In July 2015 we had a civil judgment and a federal criminal indictment of the brilliant Man of Steal. Now we are midway through the third year of seeking a court-ordered repayment plan. The first court appearance is not in sight for either case.
I’ve encouraged my lawyer to move ahead. He won’t, and won’t meet with me. The agent said the defendant is proud and would fight the criminal case. I said my stepmother doesn’t want the facts of it on the record, that he’ll wait until the end of the continuance, November 3, 2015, then he’ll enter a plea bargain, which delays the court’s disposition and his possible incarceration. That’s exactly what he did October 27, entering a plea of guilty and agreeing to restitution. That means he doesn’t go to court and I’m not reimbursed.
At the end of September, I noticed my revolver didn’t work. I bought it new ten years ago, and it’s been fired about 100 times. I took it to a gunsmith. The main spring was disconnected. He put it back and charged $70. “Could that come loose just sitting in a drawer?” I asked him. “Sure,” he said. Right! That’s a textbook gang stalking, gas lighting tactic: they don’t steal your gun, they make it nonfunctional. I still have lots of gas lighting.
Someone took a damn $1 Sharpie out of the jar on my desk when I was out. Something like that isn’t tangible to police, nor is contaminating food and water. The gun repair is tangible, and sloppy on the stalkers’ part.
The agent told me the Man of Steal paid an outstanding judgment with my money, and the recipient broke no laws taking it, according to the U.S. attorney’s office, and it’s irretrievable. The federal court and prosecutor typically schedule the sentencing hearing 60 to 90 days after the plea bargain agreement, and this week I learned it may run to 120 days. I have new surveillance players with cell phones in the neighborhood. I drank contaminated water in my home last week, something that hasn’t happened in many months.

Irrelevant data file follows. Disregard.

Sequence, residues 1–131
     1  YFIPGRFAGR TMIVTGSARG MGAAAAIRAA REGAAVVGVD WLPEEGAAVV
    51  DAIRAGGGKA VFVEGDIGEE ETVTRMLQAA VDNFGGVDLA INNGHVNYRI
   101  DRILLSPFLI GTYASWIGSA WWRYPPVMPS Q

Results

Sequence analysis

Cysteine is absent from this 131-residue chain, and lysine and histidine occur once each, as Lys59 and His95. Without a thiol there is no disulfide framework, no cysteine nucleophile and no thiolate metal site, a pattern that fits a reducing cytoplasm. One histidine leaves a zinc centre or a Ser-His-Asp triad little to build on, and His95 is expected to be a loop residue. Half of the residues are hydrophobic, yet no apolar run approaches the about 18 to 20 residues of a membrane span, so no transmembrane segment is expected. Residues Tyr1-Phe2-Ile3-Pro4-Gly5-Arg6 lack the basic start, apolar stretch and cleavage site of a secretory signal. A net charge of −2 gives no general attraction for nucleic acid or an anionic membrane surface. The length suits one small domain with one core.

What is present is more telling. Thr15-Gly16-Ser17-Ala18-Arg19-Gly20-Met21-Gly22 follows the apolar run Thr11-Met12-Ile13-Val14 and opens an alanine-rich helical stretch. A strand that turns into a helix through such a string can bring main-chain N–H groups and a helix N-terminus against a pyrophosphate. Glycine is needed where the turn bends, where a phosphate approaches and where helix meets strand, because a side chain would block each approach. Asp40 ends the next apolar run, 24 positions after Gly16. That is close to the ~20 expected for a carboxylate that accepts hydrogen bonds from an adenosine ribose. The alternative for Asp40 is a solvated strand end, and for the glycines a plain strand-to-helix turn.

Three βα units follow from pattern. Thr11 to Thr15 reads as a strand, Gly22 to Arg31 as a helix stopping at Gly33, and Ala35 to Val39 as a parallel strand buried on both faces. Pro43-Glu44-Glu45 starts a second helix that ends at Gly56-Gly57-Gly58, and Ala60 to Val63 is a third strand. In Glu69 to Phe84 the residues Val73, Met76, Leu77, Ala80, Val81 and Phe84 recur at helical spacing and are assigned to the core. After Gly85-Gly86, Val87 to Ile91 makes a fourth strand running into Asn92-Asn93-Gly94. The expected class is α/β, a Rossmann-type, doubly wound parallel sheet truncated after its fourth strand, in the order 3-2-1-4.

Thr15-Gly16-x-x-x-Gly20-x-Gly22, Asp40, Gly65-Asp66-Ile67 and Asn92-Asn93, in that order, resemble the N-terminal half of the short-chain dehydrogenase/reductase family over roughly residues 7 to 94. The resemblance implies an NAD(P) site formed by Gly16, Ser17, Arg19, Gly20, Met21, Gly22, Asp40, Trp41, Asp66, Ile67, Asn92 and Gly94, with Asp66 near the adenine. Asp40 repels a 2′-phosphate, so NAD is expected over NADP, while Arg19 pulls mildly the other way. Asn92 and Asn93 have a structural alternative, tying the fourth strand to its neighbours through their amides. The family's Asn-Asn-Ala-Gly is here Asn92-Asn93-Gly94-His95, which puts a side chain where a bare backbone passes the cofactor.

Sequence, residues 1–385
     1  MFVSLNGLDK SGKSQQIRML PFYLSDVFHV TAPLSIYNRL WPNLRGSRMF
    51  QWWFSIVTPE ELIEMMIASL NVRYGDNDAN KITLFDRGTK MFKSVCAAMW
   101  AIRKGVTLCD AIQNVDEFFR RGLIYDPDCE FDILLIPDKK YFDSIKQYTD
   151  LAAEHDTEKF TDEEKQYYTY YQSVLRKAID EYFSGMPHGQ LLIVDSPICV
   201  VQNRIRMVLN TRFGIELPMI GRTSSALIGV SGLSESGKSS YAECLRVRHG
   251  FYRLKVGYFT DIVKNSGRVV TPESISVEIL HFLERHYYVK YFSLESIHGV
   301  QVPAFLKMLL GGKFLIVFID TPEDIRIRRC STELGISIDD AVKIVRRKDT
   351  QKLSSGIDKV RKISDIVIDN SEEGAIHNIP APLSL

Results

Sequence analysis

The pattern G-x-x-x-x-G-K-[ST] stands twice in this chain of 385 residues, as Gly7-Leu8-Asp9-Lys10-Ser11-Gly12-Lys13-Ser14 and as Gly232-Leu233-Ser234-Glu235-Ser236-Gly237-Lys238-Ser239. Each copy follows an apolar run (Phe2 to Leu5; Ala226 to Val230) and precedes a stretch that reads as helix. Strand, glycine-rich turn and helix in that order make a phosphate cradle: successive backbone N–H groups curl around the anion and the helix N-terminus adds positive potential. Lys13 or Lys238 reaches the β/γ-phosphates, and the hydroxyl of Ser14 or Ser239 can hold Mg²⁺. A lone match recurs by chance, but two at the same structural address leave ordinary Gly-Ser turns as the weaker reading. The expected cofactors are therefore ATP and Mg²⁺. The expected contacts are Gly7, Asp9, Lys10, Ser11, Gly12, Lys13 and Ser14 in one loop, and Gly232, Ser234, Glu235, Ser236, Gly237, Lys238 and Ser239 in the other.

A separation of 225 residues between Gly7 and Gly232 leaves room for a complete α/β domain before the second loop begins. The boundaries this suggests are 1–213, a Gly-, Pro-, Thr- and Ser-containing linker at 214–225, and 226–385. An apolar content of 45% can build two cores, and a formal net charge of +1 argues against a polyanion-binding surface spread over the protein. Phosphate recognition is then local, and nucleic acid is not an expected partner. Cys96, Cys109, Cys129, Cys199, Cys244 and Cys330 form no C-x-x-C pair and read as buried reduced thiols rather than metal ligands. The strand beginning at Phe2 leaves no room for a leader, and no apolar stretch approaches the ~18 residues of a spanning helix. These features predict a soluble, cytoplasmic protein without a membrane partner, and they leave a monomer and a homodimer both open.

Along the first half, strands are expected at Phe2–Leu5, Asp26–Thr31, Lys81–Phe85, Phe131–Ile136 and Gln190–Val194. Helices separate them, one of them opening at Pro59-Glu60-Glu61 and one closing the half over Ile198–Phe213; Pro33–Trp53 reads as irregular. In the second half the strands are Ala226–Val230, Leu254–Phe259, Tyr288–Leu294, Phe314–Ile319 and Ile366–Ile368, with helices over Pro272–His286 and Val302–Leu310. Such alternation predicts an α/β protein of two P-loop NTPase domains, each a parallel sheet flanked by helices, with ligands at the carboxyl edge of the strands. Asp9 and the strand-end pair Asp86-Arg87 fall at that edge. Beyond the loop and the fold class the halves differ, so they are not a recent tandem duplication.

The U.S. attorney offered the voluntary victim impact statement form requesting a reply in ten days. I agonized, blocked and locked up for two months trying to write the strange account no one wants to hear about this stupid and idiotic situation. I threw out the first three versions. After writing and editing the fourth version, I threw out three-quarters of it and rewrote the rest.
I mailed the victim impact statement New Year’s eve. It was delivered at 4:09 p.m. Monday, January 4, 2016 to the U.S. attorney, according to U.S. Postal Service. On January 6, U.S, Attorney Sanford Coats tendered his resignation. The cover letter and victim impact statement are pictured here. Click on the images to read them. I name a few names and am not kind to these shit holes.
The Man of Steal faces one charge of wire fraud, and possibly five more fraud charges, according to the Department of Justice’s Victim Notification System website, which generally doesn’t work at all but might for a few minutes on a rare occasion. The charges are worth 20 years each—but, it’s nothing urgent.
Usually finance fraud cases in this part of the world are disposed in four to six months if I can believe my case review. You shouldn’t think every case is like this one. The facts overall must rank as The Weirdest Thing I’ve Ever Seen. I’m not young, and that’s saying a lot. If you have read here and read the victim impact statement, you’ll have a very good idea of what this is about. I’ve sent much correspondence and written much about it.
The surveillance role player (SRP) lady next door had not gone to the trouble of enrolling her troublemaking daughter in school, if you can believe that.